SAN DIEGO (KGTV) — Local leaders say it's going to cost millions of dollars to prevent toxic waste from flowing into the Tijuana River Valley, but it's a bill they are willing to pay.
Dozens of local leaders and federal agencies came together this morning with a common goal, to prevent the massive amounts of sewage from flowing into our San Diego County beaches.
"427 million gallons of sewage has hit our water and our beaches just this year alone," says Port of San Diego Commissioner, Dan Malcolm.
During today's meeting, leaders were given possible solutions on how to tackle the problem.
"To divert sewage and wastewater flow away from the Tijuana River Valleys, so that it can either be treated or diverted to outflow pumps, that would pump the water far out in the Pacific Ocean," says Mayor of Coronado Richard Bailey.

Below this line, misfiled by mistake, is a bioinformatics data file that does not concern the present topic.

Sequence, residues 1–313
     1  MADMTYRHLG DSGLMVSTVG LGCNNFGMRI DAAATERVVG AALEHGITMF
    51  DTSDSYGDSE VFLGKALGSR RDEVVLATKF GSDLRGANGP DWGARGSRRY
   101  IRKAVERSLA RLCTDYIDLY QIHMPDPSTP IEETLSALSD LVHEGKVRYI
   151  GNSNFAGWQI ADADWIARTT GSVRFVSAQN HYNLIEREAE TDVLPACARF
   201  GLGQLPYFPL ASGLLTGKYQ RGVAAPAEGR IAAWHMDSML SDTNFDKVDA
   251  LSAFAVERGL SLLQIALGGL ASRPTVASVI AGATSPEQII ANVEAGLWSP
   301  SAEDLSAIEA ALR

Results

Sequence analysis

The costs are estimated up to $400 million.
Local leaders say sewage isn't the only contaminate in the water. A chemical test was done that showed things like herbicides, arsenic, and lead are also flowing into the sea.
"The time of talk is over," says Serge Dedina, Mayor of Imperial Beach. "The time of actually doing things and preventing sewage and toxic waste from reaching our beach is now."
Local leaders say the next plan of action is to ask Congress for help with funding.
Mayor Kevin Faulconer and Mayor Serge Dedina will be visiting Mexico over the next few days to talk about solutions to the waste in the Tijuana River Valley.